On a sunny and hot Sunday earlier this month, June 6th to be exact, we played version 1.0 of our game, Battle of Brooklyn, at the Come Out & Play festival in New York. I’m happy to report that we had a successful play session. All players (I mean soldiers) seemed to enjoy themselves as they ran around the Boathouse battling each other for control over bridges, tunnels and other strategic locations. We also captured some really good feedback that will serve as inspiration for future improvements to the game.
Here are some pictures from the play session.
That is not to say that we did not have any problems. Here is a quick overview of our challenges: first, the day began with me running to Kmart and then Target to procure some bandanas. Next, when we arrived at the game location we were notified that 45 people had signed up to play our game even though we only had props for 36 players. After finding a solution to accommodate more players only 12 people actually showed up to play the game (this ended up being good news because I got to jump into the game as well).
Feedback and Opportunities
After the game we got a chance to capture feedback from the players from both teams – we were lucky because Eric Zimmerman (the guy who literally wrote the book about game design) was one of the judges assigned to play our game. Here is an overview of the most crucial or promising ideas we captured:
Team selection and balance: create a system that helps ensure teams are evenly balanced when selected. In this round of play we ended up using an ad hoc system that allowed friends to opt to join the same team. Unfortunately, this led to uneven distribution of skills between the two teams. Need to find a better way for doing this in the future.
Kill flag location: explore new locations to secure the kill flag from each soldier. One promising suggestion was to attach the kill flags to a wrist band so that whenever someone attacked the soldier from the other team they were also putting their own lives at risk. This would likely help equalize the balance of the game as well.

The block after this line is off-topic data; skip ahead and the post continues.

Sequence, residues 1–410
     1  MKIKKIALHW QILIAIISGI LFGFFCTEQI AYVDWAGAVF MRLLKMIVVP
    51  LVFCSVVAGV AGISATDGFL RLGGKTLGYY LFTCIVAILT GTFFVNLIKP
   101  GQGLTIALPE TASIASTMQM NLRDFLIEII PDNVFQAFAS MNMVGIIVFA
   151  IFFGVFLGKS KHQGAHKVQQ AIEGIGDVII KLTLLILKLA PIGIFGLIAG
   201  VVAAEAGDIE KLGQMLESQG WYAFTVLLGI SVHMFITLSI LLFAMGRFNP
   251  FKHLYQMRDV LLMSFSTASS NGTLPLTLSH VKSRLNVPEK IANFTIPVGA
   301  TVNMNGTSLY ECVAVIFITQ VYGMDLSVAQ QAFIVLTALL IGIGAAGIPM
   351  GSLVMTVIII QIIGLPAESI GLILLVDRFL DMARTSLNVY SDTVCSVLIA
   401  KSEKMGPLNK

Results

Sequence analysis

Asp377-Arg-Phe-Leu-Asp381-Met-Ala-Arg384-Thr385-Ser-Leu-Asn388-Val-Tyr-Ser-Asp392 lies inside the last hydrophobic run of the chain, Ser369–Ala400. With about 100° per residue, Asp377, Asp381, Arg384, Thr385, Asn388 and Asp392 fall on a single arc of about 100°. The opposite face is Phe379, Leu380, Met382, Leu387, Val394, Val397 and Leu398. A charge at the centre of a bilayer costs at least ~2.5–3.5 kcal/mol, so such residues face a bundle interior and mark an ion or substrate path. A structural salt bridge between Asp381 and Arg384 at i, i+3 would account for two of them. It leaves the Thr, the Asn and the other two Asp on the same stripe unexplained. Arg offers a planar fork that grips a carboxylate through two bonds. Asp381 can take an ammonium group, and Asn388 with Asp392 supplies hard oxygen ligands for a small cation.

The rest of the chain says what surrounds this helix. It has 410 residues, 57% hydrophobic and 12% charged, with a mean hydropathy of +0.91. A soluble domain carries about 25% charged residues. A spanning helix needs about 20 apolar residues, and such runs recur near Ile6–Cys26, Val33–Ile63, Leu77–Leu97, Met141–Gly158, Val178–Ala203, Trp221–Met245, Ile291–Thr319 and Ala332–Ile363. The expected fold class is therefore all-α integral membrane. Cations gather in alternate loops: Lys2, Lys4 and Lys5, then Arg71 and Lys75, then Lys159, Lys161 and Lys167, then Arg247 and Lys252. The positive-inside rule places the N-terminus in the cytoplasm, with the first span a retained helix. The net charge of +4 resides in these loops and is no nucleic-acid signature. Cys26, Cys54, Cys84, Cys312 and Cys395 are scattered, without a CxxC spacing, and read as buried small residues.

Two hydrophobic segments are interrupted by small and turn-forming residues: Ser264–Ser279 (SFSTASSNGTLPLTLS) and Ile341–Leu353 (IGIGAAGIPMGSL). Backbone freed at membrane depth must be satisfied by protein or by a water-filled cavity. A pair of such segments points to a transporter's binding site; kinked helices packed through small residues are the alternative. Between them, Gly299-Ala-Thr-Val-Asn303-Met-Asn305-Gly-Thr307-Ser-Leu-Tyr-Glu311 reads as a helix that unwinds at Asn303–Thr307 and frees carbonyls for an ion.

Territory capture using kill flags: explore different mechanisms to capture territory. One promising suggestion was to make it so that armies need to spend kill flags in order to capture a territory. This would solve the current issue with the game, where the army that has captured the most kill flags can always capture all territories since they are able to use the same kill flags to capture multiple locations.
Defending captured territories: we have been wanting to find a solution for running this game without the need for volunteers to work at each battlefield. One suggestion that came up was to change the rules so that an army needs to always leave at least one soldier to defend a conquered territory. Territory battles could be decided based on the number of kill flags + live soldiers – for example, if a soldier from the blue army is defending a territory with 2 kill flags, then to conquer the territory the other team must arrive with 3 kill flags and 1 soldier, 2 soldiers and 2 kills flags, or 1 kill flag and 3 soldiers.
Game Rules and Props
Now finally here is a detailed outline of the final game as it currently stands. The full game rules are posted as an image below next to the complete list of required props, and guidance regarding locations.
To play this game you will need the following props: each team will need two to six “nation” flags and a few maps that feature strategic battlefields. Individual players need bandanas and a flag football-style belt and flag system in their army’s color (extra flags will be needed).
Over the past few months we have tested this game in several locations. From this fieldwork we gained two important insights: First, the playing field needs to be right sized to the number of players. Since there is a lot of running in this game the field cannot be too large otherwise players get exhausted early. Secondly, it is important to find a place that has easily identifiable structures that can be used as readily-identifiable battlefields.
Thanks for the Support
Thanks to everyone who came out to play the game during the past several months. We truly appreciate your support, without it this game would not exist. A special thanks to Morgen, my partner in crime on this game.